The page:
Selected from a list of five finalists, runner-ups included “Dodger,” “Emily,” “Harmony” and “Winged Wonder.” the Eagle’s new name honors the late Brooklyn Borough President Raymond V. Ingersoll, who was a fervent advocate for the building of the central library.
“The extended family of former Borough President Raymond V. Ingersoll is honored that Ingersoll the Eagle will soar in the Brooklyn Public Library as an inspiring tribute to my grandfather’s legacy of service to the borough of Brooklyn,” said Raymond V. Ingersoll II, the grandson of the former borough president.
Raymond Ingersoll served as borough president from 1934 to 1940 and focused on improving the highways and bridges, advocating for low-rent housing and pushing for the completion of the central library which had stalled to a lack of funding.
“It is a great lack in the borough’s educational and cultural equipment and should not be tolerated in so great a community,” Ingersoll decried in 1936 the deficit of a central library for the borough.
When he died unexpectedly during his second term in office, his wife Marion Crary Ingersoll donated his salary to the library, according to the BPL.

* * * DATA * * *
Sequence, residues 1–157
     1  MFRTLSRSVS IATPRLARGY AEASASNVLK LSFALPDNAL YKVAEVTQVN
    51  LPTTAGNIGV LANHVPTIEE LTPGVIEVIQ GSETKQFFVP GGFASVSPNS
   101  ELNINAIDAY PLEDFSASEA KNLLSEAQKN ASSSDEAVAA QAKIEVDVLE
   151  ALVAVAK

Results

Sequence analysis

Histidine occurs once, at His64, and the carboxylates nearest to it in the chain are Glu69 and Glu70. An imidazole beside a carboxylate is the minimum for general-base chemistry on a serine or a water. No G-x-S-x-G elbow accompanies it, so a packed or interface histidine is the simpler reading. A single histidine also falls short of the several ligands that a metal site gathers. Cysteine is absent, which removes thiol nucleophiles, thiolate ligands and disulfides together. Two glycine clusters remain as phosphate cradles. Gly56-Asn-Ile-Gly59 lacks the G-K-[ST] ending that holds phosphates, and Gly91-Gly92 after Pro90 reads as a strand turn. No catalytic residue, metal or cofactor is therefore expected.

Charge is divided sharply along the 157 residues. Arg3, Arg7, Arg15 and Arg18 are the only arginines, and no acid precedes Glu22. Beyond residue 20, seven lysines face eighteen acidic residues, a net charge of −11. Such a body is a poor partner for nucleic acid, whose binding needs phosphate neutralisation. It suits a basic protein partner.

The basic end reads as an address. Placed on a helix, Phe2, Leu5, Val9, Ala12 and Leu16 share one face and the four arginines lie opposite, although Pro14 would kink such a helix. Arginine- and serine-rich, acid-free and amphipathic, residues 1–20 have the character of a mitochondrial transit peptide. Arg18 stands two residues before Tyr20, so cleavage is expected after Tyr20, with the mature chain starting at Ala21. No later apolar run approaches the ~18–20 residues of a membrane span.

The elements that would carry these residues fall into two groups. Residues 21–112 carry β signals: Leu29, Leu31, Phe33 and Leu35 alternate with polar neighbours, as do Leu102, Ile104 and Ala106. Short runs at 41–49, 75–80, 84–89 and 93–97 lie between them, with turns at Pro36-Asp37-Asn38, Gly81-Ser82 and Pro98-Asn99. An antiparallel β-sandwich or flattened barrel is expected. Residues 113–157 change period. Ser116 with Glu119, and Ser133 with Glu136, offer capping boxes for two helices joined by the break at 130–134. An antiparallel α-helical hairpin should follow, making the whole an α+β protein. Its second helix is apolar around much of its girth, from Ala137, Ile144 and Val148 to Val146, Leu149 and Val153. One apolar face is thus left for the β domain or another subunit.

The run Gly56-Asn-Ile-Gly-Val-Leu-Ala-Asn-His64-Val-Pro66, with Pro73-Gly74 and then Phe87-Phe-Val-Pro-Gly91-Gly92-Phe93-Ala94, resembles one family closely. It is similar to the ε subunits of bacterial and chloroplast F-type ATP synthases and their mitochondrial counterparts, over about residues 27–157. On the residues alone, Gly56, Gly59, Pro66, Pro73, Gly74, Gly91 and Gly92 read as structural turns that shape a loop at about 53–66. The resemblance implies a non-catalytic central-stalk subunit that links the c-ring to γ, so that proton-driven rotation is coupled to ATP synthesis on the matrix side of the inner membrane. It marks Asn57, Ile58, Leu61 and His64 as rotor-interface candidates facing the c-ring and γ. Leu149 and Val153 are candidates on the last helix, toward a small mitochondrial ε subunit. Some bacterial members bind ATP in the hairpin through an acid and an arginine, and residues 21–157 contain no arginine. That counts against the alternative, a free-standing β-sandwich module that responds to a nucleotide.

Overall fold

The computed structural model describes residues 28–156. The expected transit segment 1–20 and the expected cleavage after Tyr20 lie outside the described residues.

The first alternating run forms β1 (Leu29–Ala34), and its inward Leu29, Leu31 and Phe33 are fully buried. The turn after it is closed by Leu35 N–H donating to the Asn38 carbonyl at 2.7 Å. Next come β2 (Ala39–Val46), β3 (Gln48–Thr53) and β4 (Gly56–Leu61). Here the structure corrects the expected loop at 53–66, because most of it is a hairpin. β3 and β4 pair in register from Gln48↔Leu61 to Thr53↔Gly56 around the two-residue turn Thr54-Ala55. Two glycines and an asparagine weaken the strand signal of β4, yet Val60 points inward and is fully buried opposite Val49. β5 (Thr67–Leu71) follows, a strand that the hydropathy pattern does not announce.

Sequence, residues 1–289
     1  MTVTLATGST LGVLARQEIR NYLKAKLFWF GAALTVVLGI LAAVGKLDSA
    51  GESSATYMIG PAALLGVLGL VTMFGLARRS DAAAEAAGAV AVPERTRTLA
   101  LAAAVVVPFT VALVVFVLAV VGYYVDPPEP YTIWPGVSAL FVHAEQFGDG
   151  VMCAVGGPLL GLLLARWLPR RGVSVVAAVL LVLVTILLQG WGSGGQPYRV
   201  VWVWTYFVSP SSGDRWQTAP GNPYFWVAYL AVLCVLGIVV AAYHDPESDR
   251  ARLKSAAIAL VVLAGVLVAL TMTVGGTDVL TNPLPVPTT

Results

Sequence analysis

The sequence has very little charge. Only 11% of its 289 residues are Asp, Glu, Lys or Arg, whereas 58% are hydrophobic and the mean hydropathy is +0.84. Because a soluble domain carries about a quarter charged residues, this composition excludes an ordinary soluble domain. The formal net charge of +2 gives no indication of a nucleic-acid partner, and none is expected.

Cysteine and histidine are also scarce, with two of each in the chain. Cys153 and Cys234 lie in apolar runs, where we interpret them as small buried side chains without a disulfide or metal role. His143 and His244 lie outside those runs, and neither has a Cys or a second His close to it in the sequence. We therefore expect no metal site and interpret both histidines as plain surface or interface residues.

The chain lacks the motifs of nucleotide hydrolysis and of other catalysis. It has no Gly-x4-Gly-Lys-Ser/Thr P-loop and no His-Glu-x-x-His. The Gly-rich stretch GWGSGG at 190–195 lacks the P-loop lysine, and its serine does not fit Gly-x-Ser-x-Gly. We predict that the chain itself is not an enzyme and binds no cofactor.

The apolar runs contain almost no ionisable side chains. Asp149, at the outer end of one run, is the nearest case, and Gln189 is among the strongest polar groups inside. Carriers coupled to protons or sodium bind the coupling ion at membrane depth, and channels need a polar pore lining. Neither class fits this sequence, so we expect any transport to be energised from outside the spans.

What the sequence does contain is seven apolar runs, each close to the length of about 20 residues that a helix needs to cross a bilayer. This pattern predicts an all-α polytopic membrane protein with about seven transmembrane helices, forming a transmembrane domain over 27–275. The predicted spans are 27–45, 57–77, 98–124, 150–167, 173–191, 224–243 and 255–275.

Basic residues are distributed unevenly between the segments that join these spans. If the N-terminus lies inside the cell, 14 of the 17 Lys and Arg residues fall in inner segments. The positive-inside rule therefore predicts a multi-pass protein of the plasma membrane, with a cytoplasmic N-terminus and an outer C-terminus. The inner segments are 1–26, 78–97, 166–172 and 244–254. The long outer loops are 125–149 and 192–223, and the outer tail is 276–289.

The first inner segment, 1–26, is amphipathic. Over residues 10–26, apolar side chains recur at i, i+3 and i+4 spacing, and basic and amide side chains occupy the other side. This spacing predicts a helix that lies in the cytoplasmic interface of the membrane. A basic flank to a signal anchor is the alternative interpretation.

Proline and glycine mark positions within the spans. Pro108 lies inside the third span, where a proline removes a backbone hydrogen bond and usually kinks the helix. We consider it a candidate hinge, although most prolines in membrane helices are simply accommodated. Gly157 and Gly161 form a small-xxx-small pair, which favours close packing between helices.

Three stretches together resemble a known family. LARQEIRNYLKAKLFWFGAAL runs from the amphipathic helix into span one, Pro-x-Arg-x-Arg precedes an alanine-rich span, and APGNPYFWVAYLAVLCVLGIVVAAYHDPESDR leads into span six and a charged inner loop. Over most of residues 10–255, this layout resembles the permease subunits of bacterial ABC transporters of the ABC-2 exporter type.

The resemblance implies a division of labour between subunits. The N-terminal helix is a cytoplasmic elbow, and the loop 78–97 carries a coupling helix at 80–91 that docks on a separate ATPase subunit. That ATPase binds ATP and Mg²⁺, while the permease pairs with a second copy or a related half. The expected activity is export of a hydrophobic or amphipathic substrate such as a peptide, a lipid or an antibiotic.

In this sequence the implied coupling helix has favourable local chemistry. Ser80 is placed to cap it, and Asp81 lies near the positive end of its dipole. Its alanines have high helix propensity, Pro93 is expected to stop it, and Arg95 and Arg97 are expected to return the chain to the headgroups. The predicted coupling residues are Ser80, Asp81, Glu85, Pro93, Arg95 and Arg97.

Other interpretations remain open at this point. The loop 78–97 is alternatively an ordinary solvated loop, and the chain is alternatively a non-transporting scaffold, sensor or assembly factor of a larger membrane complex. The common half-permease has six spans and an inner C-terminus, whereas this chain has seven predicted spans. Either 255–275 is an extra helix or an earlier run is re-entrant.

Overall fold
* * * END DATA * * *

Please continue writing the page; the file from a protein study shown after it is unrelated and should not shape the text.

The Eagle originally nested atop the Washington Street headquarters of the Brooklyn Daily Eagle newspaper. Following the demolition of the newspaper’s building in 1955, the sculpture was donated to the Brooklyn Historical Society. In 1997, the organization loaned the sculpture to the library. Last summer, BHS officially gifted the Eagle to BPL, where it now has its permanent home.
“We are grateful to the Brooklyn Historical Society for their generous gift,” said Linda E. Johnson, BPL’s president and CEO. “As the complete archives of the Brooklyn Daily Eagle comprise a significant part of the Brooklyn Collection, it is fitting to provide the sculpture a permanent home at the central library, and we are delighted to name him Raymond Ingersoll after one of the library’s most enthusiastic champions.”
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